The other day my friend gave me a copy of Graphic Design USA magazine that was sent to her place for the previous tenant. This evening I decided to look through it and I came across an ad that said, “These leaves have never been so green.” Here’s the catch: The leaves were magenta, blue, and black–no green. So what is this ad really saying?
To be green is not necessarily a literally thing. It does not mean your skin is green. Going green is another term for being environmentally friendly. This ad is advertising the recycled paper that it was printed on.
The ad could have been printed with green ink and it would have made sense. Being physically green would not have taken away from the concept at all. But the fact that the leaves were not green made the ad more creative. The abstractness made it moer interesting. When you look at the ad, you have to stop and think. The colors also bring more attention to the ad on its own because the color choice isn’t realistic.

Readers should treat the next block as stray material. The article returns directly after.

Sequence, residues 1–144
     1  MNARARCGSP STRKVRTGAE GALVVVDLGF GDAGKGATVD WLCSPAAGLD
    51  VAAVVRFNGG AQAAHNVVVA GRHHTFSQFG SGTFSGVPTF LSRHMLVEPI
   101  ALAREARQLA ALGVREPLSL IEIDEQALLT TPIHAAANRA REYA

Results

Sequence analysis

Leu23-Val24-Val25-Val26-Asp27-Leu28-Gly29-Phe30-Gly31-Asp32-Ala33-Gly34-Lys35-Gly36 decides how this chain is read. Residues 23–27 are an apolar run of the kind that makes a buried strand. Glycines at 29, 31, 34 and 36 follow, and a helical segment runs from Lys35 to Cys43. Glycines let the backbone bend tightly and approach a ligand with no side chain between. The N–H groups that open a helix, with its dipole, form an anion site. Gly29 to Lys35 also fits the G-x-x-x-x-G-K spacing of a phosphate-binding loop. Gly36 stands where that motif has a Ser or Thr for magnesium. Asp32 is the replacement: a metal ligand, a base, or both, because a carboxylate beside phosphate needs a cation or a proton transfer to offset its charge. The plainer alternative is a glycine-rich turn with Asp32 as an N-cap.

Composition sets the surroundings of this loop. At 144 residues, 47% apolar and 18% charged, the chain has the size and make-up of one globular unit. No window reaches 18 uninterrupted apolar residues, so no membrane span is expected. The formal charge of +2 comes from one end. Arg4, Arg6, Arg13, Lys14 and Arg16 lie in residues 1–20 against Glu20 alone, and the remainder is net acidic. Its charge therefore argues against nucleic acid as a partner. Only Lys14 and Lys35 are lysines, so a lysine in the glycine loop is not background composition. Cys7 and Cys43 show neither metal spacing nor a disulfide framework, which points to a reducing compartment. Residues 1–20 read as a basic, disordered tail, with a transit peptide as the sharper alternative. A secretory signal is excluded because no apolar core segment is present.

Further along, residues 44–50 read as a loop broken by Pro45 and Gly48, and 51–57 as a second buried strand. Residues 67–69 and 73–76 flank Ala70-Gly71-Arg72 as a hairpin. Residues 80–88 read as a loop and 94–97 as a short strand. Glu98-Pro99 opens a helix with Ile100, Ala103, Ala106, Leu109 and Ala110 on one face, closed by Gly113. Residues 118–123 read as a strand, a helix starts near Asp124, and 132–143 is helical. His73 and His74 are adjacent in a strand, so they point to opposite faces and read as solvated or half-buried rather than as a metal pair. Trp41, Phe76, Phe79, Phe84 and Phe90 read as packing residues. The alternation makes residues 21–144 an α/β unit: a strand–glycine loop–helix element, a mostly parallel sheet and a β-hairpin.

Creative concepts can come from the elimination of the obvious. When obvious information and realistic information are removed from a concept, it forces viewers to think abstractly. When connections are not literal, they are more powerful because it takes thinking to realize the idea. When the realization is reached, the thinking process to get to that point makes the result seem like a great achievement which then becomes memorable. Because of how memorable it is, the idea is strong.